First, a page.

Tag Archives: Venice

Last Day in Venice

Time is a funny thing. It went by too quickly while I was in Italy, but it also seemed like an incredibly long time to be away from my hubby and kids. We saw several clocks like this one in Venice. A 24-hour clock, but notice that 1 doesn’t start in the same place as a traditional clock. Our back streets of Venice tour guide explained to us that the 1 was placed where most locals started their day, which on this clock looks like 4 or 5 in the morning and then progressed around from there. I also saw a similar clock inside the Doge’s Palace that showed what sign of the zodiac we were currently in. Fascinating.

I took pictures of a lot of boats on this trip, mostly for my sailboat captain husband (I also wrote down the type of each airplane I flew in for the same reason). The brown wooden boat in the middle of the photo below is a typical taxi in Venice.

Venice was also interesting because it had no cars, and therefore, no delivery trucks, so we realized that for every store that contained merchandise, those wares must have come on a very convoluted journey. Goods could be trucked to the mainland, but then must come via boat to Venice and I saw many boats like this one carrying various loads. This one had building materials, some were entirely bottled water, others were refrigerated dairy products. But unless the destination store was on a canal, the goods had to be hand carried in a wooden cart to the store front. 

One evening while we sat in a cafe eating grilled octopus and drinking pinot grigio, we watched a public market full of goods be dismantled by hand, tents, display tables, and all, and then hauled off by hand on specialized metal carts, which would return the next morning to be set up again in the same spot.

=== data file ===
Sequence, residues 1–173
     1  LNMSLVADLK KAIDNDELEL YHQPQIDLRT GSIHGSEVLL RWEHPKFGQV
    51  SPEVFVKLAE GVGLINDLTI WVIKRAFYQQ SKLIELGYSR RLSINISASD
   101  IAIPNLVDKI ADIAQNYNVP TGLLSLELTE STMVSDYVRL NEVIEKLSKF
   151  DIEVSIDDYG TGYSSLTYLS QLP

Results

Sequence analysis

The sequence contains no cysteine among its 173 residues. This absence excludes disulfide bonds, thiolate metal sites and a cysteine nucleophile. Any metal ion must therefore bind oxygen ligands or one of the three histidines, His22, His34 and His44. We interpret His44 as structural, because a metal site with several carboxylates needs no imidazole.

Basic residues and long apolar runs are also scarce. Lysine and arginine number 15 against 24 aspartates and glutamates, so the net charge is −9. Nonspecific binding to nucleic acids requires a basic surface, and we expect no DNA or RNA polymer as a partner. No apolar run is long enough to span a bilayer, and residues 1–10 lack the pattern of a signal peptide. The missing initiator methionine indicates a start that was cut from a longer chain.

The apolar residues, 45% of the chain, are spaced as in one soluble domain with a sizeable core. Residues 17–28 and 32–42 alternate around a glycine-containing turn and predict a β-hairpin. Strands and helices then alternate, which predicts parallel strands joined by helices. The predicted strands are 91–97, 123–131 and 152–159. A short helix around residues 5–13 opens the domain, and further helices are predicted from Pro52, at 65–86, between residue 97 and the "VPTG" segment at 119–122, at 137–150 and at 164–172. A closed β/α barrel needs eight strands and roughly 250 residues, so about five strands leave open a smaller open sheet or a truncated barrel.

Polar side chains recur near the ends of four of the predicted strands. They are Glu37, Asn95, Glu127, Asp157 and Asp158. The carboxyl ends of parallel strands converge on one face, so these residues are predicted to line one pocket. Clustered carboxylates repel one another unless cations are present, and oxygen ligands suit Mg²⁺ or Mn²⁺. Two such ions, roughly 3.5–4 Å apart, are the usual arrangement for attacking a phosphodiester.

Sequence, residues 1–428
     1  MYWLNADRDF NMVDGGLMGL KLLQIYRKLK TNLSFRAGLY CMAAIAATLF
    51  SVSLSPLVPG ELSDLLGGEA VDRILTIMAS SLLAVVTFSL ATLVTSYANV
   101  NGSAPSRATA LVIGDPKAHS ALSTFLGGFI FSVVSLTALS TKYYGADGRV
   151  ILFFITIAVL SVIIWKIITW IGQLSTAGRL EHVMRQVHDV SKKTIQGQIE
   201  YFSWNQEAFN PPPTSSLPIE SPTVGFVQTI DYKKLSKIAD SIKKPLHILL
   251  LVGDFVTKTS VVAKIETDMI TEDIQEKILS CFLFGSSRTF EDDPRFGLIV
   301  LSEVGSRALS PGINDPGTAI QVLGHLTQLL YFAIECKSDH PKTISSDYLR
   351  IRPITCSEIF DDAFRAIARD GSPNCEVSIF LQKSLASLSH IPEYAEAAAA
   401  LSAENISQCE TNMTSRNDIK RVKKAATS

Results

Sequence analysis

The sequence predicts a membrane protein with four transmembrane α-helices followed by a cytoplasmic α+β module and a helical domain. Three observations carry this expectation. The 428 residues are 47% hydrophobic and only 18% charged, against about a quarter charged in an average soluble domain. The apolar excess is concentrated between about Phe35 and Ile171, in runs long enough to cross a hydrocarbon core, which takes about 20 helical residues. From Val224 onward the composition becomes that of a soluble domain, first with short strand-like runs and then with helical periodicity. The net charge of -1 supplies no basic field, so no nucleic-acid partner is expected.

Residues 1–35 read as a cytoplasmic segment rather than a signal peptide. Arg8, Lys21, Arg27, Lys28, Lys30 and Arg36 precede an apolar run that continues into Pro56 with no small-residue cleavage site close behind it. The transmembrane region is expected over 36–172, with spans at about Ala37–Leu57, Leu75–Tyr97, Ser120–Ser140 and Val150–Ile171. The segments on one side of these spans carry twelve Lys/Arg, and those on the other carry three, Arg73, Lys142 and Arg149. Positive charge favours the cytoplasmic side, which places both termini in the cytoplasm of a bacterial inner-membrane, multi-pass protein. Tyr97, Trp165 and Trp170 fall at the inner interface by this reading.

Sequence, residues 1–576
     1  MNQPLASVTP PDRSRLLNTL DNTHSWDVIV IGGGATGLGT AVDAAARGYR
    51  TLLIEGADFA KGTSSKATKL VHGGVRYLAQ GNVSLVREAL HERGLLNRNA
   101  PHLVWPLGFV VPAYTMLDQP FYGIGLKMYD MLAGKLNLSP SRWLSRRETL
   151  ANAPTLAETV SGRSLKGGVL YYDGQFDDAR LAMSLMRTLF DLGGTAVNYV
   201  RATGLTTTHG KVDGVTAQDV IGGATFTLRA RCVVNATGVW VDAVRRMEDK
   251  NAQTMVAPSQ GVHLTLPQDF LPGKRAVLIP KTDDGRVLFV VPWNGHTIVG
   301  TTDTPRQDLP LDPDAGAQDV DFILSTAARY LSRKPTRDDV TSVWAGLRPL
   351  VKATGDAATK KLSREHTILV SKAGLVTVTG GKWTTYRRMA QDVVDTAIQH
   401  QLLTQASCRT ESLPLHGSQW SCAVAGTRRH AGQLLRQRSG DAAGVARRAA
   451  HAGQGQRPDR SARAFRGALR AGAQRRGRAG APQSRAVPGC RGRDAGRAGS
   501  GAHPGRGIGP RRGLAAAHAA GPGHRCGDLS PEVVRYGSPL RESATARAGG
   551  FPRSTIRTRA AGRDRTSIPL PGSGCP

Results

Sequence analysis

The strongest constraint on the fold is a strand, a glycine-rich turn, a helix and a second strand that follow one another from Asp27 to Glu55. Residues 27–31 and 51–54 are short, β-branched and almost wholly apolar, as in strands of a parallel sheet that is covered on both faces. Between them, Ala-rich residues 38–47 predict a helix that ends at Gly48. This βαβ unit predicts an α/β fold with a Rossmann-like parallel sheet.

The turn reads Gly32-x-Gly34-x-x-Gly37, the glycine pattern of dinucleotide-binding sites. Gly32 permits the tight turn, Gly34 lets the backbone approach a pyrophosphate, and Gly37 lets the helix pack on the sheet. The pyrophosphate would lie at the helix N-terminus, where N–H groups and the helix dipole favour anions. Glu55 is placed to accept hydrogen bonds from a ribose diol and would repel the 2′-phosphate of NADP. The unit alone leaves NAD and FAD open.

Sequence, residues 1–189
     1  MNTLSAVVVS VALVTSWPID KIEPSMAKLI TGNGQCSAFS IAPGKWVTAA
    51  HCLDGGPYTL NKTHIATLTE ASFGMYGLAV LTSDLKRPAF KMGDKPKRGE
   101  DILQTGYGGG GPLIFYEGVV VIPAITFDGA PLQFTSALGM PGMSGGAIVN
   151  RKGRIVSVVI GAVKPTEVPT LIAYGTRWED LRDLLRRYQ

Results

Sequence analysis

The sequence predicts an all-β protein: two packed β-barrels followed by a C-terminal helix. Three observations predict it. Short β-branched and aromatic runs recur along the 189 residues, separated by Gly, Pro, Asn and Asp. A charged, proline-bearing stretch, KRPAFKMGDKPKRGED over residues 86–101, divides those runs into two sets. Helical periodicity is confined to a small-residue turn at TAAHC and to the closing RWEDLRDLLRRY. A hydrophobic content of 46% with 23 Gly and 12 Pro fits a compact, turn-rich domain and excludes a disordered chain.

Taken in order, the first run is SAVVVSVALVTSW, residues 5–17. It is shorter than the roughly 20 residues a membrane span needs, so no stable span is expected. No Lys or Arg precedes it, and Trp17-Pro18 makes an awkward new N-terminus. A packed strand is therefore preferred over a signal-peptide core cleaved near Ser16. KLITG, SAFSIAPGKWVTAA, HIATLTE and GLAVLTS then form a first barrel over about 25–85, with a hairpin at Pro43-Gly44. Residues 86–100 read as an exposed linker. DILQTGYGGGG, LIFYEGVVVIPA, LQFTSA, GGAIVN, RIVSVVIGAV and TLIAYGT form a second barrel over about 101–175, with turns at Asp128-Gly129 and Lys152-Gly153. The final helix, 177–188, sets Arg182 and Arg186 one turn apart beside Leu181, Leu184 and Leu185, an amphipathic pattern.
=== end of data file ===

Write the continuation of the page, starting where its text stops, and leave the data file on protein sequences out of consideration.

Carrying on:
Garbage was also curious in Venice. They haven’t the space to leave out a large can like I do at home in the alley, so Venetians put their garbage out each morning before 8 (or the night before), and a person comes by daily to collect the garbage. Recycling is collected on specified days. This garbage barge then wove through canals collecting the parcels. I took a photo of this one because of the persian rug on the front.

I was frequently reminded how much I missed my little boys while I was away by sites like this one. Apparently, Italian boys aren’t so much different from my boys at home.

Stucco work was being done on the neighboring building next to our apartment in Venice. The workers caught us watching them more than once from our balcony. When they caught us staring, some were flattered, but their boss looked perturbed and simply said, “Prego.” I understood prego to mean, “you’re welcome”, but later discovered that it has many meanings in Italian. It can mean what can I get you?, please come in, please take a seat, please go ahead of me (if you’re holding a door open), I also heard it used as a response to me saying excuse me when I bumped into someone, as in, no problem. It would make sense that the construction boss would say you’re welcome to me in the context of, “you should say thank you for all this free eye candy so I’ll just skip to you’re welcome,” but I think he meant, “can I help you?” The language barrier got in the way here or there, but in this case, I understood his meaning simply from his inflection and demeanor.